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Nov
By Eric Schweibenz
On October 29, 2013, ALJ Thomas B. Pender issued Order No. 19 in Certain Cases For Portable Electronic Devices (Inv. No. 337-TA-861/867).

By way of background, Speculative Product Design, LLC (“Speck”) is the Complainant in this investigation and the Respondents are Body Glove, Anbess Electronics Co. Ltd., Fellowes, Inc. (“Fellowes”), ROCON Digital Technology Corp., SW-Box.com, Trait Technology (Shenzhen) Co., Ltd., Hongkong Wexun Ltd., En Jinn Industrial Co. Ltd., Shengda Huanqiu Shijie, Global Digital Star Industry, Ltd., JWIN Electronics Corp. d/b/a iLuv, Project Horizon, Inc. d/b/a InMotion Entertainment, Superior Communications, Inc. d/b/a PureGear (“Superior”), and Jie Sheng Technology.  The Commission Investigative Staff (“OUII”) is also a party to the investigation.  Speck has asserted U.S. Patent No. 8,204,561 (the ‘561 patent) against Respondents.  Speck alleges that its CandyShell line of phone cases, sold in the U.S., practices one or more claims of the ‘561 patent.  See our November 16, 2012, January 29, 2013, and July 9, 2013 posts for more background on this investigation.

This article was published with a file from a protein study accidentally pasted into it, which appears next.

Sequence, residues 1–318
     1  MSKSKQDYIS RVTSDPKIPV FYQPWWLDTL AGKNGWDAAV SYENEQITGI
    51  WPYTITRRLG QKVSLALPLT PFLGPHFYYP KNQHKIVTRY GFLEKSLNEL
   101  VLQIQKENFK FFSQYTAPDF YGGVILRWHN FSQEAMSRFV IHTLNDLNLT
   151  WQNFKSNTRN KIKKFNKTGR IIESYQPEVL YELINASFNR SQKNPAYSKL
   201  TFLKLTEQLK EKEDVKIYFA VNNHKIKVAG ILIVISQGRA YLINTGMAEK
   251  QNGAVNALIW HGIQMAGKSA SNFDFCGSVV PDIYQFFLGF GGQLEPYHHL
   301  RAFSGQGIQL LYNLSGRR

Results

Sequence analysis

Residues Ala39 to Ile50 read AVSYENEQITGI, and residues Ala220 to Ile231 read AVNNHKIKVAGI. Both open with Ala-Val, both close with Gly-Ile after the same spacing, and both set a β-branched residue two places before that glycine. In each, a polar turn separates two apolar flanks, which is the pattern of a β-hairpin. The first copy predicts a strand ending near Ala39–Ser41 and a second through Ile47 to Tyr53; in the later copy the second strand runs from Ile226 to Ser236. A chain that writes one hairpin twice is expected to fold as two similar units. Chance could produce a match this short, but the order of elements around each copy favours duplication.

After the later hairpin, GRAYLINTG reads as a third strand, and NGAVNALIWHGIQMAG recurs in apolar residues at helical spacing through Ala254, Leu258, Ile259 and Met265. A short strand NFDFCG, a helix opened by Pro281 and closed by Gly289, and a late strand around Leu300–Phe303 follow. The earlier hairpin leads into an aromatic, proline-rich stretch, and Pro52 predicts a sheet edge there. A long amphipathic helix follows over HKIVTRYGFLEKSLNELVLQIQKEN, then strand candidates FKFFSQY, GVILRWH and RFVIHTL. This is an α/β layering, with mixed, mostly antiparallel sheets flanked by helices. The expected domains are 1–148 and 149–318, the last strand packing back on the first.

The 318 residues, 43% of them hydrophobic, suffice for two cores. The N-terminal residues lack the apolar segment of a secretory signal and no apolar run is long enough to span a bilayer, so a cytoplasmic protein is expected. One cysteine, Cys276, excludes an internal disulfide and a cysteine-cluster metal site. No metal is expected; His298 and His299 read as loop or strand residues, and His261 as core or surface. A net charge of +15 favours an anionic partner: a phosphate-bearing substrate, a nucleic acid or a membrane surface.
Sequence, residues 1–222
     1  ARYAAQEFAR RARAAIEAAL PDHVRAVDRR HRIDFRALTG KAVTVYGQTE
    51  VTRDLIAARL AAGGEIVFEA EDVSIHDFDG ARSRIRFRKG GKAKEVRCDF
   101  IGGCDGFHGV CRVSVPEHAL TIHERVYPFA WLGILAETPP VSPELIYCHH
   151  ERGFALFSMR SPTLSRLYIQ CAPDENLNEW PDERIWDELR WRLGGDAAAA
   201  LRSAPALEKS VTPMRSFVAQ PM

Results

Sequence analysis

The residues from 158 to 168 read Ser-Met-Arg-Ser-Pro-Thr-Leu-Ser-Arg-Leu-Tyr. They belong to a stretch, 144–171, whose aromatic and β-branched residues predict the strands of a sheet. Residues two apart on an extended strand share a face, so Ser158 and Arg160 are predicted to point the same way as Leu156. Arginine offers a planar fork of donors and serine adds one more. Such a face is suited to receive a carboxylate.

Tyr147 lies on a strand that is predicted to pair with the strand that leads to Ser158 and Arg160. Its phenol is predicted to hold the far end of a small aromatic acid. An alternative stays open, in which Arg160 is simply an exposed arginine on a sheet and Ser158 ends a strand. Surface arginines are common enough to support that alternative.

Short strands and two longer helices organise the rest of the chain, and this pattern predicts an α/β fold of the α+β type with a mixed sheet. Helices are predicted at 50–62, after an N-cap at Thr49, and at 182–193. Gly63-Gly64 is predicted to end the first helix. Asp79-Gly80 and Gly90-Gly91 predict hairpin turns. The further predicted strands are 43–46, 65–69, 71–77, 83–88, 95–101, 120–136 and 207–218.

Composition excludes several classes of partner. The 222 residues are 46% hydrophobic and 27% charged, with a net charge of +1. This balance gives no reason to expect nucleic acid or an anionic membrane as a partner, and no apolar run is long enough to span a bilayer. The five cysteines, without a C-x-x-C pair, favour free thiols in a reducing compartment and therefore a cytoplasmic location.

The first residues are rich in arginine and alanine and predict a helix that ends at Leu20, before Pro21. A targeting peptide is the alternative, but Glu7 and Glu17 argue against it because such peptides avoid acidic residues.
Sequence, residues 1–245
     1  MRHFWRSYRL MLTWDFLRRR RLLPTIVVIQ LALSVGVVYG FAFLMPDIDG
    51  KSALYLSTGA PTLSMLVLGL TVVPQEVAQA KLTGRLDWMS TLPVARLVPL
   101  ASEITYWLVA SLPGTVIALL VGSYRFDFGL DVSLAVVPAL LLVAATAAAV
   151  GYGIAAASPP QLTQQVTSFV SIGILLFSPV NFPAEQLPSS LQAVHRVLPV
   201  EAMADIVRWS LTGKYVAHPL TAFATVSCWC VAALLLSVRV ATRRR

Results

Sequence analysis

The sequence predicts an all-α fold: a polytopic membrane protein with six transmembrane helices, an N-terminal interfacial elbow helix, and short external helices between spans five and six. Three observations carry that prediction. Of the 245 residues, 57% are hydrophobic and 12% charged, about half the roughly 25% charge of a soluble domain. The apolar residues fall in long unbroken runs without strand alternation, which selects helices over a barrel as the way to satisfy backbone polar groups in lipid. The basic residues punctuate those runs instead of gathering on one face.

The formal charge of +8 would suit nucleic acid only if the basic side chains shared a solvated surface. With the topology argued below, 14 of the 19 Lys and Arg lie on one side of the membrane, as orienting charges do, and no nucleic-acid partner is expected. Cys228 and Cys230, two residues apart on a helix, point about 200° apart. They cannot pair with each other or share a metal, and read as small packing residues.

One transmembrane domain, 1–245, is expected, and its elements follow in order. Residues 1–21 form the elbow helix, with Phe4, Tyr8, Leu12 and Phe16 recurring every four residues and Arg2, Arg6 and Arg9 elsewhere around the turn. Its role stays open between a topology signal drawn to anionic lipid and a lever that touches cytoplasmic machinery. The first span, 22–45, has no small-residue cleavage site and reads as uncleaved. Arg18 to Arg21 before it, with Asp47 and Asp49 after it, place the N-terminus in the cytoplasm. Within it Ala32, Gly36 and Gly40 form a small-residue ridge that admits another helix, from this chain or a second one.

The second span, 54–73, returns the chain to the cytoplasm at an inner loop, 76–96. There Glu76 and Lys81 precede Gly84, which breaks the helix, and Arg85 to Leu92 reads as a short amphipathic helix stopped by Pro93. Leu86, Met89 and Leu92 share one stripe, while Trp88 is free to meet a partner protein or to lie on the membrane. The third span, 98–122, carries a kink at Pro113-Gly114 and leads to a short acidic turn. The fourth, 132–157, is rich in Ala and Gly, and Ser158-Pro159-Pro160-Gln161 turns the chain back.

According to Order No. 19, Speck moved to terminate this investigation as to Superior based on withdrawal of the allegations in the complaint against Superior.  OUII supported the motion and Fellowes and Superior opposed the motion.  Superior and Fellowes argued that (i) Superior intends to restart importing the accused cases if such cases are found to not infringe, and (ii) because they divided up the invalidity case, Fellowes would be prejudiced if Superior were terminated from the investigation. 

In the Order, ALJ Pender rejected the arguments of Superior and Fellowes and granted Speck’s motion.  Specifically, ALJ Pender noted that the “fact that Superior has stopped importing the accused product during the pendency of this investigation, but intends to restart importing the accused product does not amount to extraordinary cause to deny Speck’s motion to terminate.”  ALJ Pender further determined that Fellowes would be permitted to put on Superior’s invalidity case at the evidentiary hearing and thus terminating Superior will not prejudice Fellowes.  Accordingly, ALJ Pender determined that granting Speck’s motion was in the public interest because it would conserve public and private resources, particularly by reducing the number of witnesses and shortening the length of the hearing.
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